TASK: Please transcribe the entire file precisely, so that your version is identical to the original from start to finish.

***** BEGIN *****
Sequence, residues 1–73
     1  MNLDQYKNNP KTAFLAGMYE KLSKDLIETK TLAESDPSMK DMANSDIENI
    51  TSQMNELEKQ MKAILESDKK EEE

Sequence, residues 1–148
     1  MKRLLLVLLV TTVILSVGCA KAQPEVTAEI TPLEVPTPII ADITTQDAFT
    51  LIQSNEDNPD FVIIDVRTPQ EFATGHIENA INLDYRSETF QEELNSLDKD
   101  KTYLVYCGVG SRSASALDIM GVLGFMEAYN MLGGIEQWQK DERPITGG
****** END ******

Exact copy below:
Sequence, residues 1–73
     1  MNLDQYKNNP KTAFLAGMYE KLSKDLIETK TLAESDPSMK DMANSDIENI
    51  TSQMNELEKQ MKAILESDKK EEE

Sequence, residues 1–148
     1  MKRLLLVLLV TTVILSVGCA KAQPEVTAEI TPLEVPTPII ADITTQDAFT
    51  LIQSNEDNPD FVIIDVRTPQ EFATGHIENA INLDYRSETF QEELNSLDKD
   101  KTYLVYCGVG SRSASALDIM GVLGFMEAYN MLGGIEQWQK DERPITGG